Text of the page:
Cybernetic gorillas! I’m there.
Saturday, May 10, 2014
Cybernetic gorillas! I’m there.
Thursday, May 8, 2014
This is kind of why we write in the first place. To have opportunities to tell stories and have people experience them. So, even if I’m flying blind and feeling a little overwhelmed and out of my element from time to time, I wouldn’t change a thing.
Wednesday, May 7, 2014
My husband and I are in darkest Peru today, enjoying the sights at Machu Picchu. As such, I wrote this post well in advance so that you'd have something to read from me while I'm on my little adventure.
I've been plotting a new novel of late. It usually takes me at least a few weeks to get this part of the writing process done, but for me it's the quickest way to do my best work. And plotting, for me, is the most enjoyable part of the process because it allows me to explore ideas and themes that interest me, I get to read great books to find inspiration, and I watch and analyze a whole lot of films.
This particular story is set in 2014 in Venice Beach, California and features a female barkeep who stumbles upon the slain body of her new, annoying, boss in the dumpster behind the bar. I know more about her and the story than that, but that's all I'll say here for now.
Currently, the novel is a classic "whodunit." I've got the whole first act laid out just the way I want it. But in going forward with the plotting of it, I've begun to ask myself whether I really want to write a traditional mystery. MISTRESS OF FORTUNE and its sequel, MISTRESS OF LIES are traditional mysteries, so I feel like I've done that. I'm kind of thinking I want this one to be a different kind of crime story.
One of my favorite writing resources is Alex Sokoloff's SCREENWRITING TIPS FOR AUTHORS. I used it to write MISTRESS OF LIES and, as I've discussed previously, it revolutionized my process, if I might be so bold. I'm using it again in plotting this novel and today, my assignment was to create my "Master List."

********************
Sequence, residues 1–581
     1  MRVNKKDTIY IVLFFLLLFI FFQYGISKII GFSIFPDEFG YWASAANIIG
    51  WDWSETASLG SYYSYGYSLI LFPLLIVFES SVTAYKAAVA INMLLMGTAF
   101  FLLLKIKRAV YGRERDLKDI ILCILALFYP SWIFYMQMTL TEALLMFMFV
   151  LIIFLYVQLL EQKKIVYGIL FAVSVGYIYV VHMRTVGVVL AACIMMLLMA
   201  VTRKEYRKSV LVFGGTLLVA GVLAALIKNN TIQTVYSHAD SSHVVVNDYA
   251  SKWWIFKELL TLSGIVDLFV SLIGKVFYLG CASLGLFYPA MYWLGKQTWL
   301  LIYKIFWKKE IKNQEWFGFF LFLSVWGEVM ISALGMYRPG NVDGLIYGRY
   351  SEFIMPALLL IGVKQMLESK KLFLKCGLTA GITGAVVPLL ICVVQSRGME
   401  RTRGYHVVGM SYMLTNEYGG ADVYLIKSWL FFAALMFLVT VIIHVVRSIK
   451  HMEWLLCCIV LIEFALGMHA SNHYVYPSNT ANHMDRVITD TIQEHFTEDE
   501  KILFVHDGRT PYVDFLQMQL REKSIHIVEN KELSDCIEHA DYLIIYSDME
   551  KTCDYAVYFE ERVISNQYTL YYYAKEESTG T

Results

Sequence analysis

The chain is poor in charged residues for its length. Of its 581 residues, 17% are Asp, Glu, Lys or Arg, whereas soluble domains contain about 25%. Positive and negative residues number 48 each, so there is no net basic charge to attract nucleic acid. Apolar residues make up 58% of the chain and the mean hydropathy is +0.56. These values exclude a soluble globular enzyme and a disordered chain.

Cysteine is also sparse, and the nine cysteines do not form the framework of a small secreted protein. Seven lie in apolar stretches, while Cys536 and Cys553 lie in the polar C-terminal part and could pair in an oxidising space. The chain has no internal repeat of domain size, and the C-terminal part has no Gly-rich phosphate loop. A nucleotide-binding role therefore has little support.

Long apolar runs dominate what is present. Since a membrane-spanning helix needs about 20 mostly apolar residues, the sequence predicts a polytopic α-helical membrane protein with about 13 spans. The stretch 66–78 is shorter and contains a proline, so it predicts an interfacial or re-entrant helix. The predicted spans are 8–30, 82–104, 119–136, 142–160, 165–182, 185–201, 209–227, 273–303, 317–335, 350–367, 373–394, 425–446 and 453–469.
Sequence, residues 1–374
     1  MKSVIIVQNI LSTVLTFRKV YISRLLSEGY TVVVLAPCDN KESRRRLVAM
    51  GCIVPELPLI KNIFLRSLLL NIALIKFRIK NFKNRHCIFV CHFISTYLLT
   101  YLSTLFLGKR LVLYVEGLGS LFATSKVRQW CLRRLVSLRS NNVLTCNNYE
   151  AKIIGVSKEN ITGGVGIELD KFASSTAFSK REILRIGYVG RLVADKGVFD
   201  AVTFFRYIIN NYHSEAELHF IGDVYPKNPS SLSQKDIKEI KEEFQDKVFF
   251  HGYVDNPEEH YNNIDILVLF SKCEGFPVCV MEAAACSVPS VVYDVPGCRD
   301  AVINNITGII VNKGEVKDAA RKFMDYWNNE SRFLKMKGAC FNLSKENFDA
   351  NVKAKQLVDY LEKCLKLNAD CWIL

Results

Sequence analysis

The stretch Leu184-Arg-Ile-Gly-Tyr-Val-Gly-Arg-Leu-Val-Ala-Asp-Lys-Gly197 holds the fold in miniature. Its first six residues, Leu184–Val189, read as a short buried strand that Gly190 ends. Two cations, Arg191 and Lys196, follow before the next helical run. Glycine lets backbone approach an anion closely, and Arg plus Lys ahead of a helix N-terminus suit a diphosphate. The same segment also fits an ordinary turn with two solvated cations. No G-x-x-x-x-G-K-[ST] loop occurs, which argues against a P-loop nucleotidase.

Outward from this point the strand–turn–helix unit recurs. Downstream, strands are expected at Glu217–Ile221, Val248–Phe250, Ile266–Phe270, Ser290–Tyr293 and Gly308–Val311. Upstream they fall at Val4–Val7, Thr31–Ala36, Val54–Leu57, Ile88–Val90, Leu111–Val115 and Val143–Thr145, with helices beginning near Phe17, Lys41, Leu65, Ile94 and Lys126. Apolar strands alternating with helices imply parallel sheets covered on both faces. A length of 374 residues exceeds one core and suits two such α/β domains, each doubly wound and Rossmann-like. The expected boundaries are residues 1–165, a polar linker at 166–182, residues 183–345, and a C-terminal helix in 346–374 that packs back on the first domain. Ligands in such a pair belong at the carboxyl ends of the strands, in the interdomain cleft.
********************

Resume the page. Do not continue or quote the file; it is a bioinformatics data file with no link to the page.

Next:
The Master List is a list of books and movies that have had an impact on you. That are either in the genre you want to write or that you wish you'd written yourself. Here's what I came up with:
THE SECRET HISTORY by Donna Tartt (book)
FAITHFUL PLACE by Tana French (book)
KILLING MR. GRIFFIN by Lois Duncan (book)
I KNOW WHAT YOU DID LAST SUMMER by Lois Duncan (book)
DOLORES CLAIBORNE by Stephen King (book and movie)
THE PLAYER by Michael Tolkin (book and movie)
SILENCE OF THE LAMBS by Thomas Harris (book and movie)
WINTER'S BONE by Daniel Woodrell (book and movie)
IN COLD BLOOD by Truman Capote (book and movie)
DEAD MAN WALKING by Sister Helen Prejean (book and movie)
A few things stand out to me when I look at this list. First of all, none of the stories are traditional mysteries, with the exception of FAITHFUL PLACE, which is both mystery and procedural. Second, many of these stories (THE SECRET HISTORY, KILLING MR. GRIFFIN, I KNOW WHAT YOU DID LAST SUMMER, DOLORES CLAIBORNE, THE PLAYER, and WINTER'S BONE) feature good, albeit flawed, people who are pushed to do unthinkable things--whether by accident, to save themselves, or because of peer pressure or some other influence. Third, several of the books (IN COLD BLOOD, SILENCE OF THE LAMBS, and DEAD MAN WALKING) are about people who find themselves face-to-face with true evil and yet somehow find something redeeming in it (well, not in the evil, perhaps, but in the perpetrators of it).
Simply by making this list, I've learned something about the sort of stories that appeal to me. It also kind of tells me that perhaps a traditional mystery isn't the direction I want to go in, at least for this particular project.
My question for you, obviously, is what are some of the books and movies on your master list? Do they have anything in common?
Tuesday, May 6, 2014
The 2014 edition, June 6-8, will be the final Bloody Words convention and, appropriately I guess, the theme is, “Danse Macabre; Historical Mysteries and Dances of the Dead.”
The Guests of Honour will be Michael Jenks and Vicki Delany. As it says on her webpage, Vicki is a, “one woman crime wave,” with a couple of series on the go and standalones, including a ‘Rapid Reads,’ book (such a good idea, I think).
I guess there are just too many good conventions these days.
Still, I hope as many people as possible will come to Toronto for the final Bloody Words and send it off in style. And if you can’t make it to Toronto this summer, Bouchercon will be here in 2017 so I hope to see you then.
And this Thursday, May 8th, there will be a Noir @ the Bar in Toronto (I still think of these as, “Peter Rozovsky Presents Noir @ the Bar”) with a fantastic line-up (and also me):
It’s at PJ O’Brien’s Pub, 39 Colborne Street (Yonge and King) and there’s a Facebook page.
Monday, May 5, 2014
Chance by Kem Nunn
A Swollen Red Sun by Matthew McBride
Good Sex, Great Prayers by Brandon Tietz
Peacemaker by Marianna De Poerres
Not For Nothing by Stephen Graham Jones
Deep Winter by Samuel W. Gailey
Plaster City by Johnny Shaw
La Frontera by Sam Hawken
Cry Father by Benjamin WhitmerYoung God by Katherine Faw Morris
The Third Rail by Rory Flynn
Layman's Report by Eugene Marten
So how about you? What's on your TBR?